seeking arrest warrants for not only top Hamas leaders, but also Israel's Prime Minister and Defense Minister.

Global reaction was swift, angry, and at times, incredulous. The U.S. voiced some of the strongest condemnation. Here's what President Joe Biden

said while delivering remarks at a celebration for Jewish American Heritage Month at the White House yesterday.


JOE BIDEN, U.S. PRESIDENT: Let me be clear. We reject the ICC's application for arrest warrants against Israeli leaders. Whatever these warrants may

imply, there is no equivalence between Israel and Hamas contrary to allegations against Israel made by the International Court of Justice,

what's happening is not genocide. We reject that.


ASHER: But not all the reaction was negative. In fact, Belgium and South Africa were among countries that actually expressed their support. And

France, breaking ranks with some of its Western allies, actually had this to say. France supports the International Criminal Court. It's independence

and the fight against impunity in all situations.

GOLODRYGA: Time now for The Exchange and our conversation with David Shepherd. He was nominated by U.S. President Bill Clinton to serve as the

first ever ambassador at large for war crimes issues, and he joins us now live from Washington, D.C.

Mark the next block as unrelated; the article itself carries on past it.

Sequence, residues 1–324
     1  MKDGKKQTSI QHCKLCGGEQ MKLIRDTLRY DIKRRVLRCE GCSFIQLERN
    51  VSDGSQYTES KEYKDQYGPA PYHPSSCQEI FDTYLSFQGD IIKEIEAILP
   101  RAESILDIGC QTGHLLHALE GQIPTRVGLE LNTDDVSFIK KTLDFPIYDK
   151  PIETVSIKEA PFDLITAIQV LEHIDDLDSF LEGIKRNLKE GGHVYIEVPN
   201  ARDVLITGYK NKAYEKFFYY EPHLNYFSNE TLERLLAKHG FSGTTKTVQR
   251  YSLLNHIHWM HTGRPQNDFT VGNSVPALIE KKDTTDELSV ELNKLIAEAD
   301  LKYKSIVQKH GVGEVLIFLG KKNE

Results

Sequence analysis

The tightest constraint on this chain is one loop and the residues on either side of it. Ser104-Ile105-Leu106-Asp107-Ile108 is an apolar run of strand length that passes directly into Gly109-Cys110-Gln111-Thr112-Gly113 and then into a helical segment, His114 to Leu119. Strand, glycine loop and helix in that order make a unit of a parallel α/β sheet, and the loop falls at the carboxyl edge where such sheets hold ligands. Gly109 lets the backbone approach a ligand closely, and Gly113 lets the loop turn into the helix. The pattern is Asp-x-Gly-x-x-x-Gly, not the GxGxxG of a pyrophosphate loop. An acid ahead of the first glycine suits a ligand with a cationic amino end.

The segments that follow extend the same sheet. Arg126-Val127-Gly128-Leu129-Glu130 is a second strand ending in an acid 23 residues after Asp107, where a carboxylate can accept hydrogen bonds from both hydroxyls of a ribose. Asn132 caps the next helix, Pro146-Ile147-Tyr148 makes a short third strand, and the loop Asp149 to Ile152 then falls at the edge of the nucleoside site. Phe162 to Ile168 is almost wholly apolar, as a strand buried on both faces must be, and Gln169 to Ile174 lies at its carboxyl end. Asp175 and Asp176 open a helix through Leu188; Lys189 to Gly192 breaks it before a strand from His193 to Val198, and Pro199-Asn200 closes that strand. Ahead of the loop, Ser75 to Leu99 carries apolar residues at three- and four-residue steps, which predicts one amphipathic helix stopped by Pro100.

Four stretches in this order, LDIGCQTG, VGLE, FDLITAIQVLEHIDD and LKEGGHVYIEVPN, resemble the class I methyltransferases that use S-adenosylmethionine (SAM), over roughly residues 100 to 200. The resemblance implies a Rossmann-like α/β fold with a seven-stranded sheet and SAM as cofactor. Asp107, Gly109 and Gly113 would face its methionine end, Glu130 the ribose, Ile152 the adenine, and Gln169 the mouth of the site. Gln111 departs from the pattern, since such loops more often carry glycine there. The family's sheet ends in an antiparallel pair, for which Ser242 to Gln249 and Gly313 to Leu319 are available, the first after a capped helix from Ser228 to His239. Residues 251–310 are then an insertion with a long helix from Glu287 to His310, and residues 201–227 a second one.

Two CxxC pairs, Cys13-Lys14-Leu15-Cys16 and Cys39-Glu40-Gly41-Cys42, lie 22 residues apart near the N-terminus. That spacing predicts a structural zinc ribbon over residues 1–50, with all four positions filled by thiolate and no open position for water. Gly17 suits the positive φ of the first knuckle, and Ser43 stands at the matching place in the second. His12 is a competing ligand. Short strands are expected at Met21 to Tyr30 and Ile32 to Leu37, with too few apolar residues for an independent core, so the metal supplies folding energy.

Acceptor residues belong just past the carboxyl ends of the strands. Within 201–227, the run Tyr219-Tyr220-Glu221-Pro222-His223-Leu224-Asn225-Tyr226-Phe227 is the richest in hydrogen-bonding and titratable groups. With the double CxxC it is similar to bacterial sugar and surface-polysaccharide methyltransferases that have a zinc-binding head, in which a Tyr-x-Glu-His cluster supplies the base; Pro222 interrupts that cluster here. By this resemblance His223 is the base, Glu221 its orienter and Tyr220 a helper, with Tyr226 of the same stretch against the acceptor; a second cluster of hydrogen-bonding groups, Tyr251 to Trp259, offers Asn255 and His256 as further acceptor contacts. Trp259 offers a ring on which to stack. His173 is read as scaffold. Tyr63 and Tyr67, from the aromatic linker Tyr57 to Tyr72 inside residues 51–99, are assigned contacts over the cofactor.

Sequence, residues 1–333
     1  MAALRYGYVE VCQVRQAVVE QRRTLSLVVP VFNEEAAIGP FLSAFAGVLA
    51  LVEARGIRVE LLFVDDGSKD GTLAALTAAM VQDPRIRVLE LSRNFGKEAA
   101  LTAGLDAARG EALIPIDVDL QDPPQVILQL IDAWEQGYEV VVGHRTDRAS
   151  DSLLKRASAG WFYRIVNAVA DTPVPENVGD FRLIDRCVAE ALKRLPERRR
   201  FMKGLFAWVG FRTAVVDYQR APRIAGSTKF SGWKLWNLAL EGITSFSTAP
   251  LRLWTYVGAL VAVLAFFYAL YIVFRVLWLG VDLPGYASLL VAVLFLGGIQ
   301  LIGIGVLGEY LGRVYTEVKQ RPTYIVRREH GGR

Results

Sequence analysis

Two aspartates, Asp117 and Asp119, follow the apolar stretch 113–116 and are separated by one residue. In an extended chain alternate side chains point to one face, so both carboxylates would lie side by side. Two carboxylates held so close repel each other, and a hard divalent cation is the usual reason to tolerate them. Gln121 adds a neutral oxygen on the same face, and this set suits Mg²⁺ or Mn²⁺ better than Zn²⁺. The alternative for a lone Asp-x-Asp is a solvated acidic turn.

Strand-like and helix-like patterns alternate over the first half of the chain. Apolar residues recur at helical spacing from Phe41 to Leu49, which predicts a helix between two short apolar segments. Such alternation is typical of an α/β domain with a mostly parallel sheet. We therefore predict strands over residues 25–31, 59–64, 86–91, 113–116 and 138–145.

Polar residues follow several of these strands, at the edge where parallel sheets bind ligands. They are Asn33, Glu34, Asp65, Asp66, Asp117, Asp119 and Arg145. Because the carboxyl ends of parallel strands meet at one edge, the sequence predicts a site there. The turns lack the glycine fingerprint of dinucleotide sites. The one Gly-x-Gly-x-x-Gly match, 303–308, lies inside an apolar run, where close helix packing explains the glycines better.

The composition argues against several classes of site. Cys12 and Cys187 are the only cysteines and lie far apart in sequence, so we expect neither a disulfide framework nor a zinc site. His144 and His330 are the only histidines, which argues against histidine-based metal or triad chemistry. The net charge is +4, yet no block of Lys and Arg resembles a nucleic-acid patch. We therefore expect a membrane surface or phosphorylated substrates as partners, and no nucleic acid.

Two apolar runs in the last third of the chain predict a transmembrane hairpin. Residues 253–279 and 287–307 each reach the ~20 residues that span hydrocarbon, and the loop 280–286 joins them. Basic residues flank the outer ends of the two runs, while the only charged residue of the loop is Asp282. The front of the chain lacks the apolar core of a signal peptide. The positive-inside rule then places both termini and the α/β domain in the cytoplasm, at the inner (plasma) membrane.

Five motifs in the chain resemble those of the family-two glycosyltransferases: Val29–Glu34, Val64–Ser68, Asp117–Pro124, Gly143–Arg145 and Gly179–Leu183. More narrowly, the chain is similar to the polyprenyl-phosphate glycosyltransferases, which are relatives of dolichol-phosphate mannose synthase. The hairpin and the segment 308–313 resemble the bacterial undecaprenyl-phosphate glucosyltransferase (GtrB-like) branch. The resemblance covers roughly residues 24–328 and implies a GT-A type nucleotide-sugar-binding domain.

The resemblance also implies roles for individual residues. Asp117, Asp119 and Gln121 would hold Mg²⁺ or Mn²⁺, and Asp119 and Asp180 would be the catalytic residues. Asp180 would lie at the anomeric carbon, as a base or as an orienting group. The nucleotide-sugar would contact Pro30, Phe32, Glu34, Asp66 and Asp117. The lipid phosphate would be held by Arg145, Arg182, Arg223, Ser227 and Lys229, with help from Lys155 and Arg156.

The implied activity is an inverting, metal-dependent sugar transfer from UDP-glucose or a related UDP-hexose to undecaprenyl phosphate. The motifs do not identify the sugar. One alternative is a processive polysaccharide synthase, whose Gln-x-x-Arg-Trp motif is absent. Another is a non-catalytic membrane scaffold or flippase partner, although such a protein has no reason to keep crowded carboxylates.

David, welcome back to the program. So, on the one hand, you have people like President Biden condemning this move and Secretary of State Blinken

saying that he's now open to legislative action against the ICC for issuing this ruling. But you've said the ICC had no choice but to pursue this

against Netanyahu. Why?

DAVID J. SCHEFFER, FMR. U.S. AMBASSADOR AT LARGE FOR WAR CRIMES ISSUES: Well, because what they do is they look at the evidence of the situation in

front of them. And obviously, the situation since October 7th is not only the Hamas attack on the Israeli kibbutz areas on October 7th and the

hideous crimes that took place at that time, but it also includes the Israeli Defense Force attack on Gaza in a rightful act of self-defense.


One could even call it a just war. But the issue before the prosecutor is how is the war being prosecuted? Is it being prosecuted in accordance with

the law of war? The international humanitarian law? And are such matters as war crimes and crimes against humanity under the Rome Statute being

committed? That is his brief. He's obligated to look at those issues.

So, it's not surprising that, obviously, at some point, there's going to be an inquiry into the Israeli leadership and how they have conducted this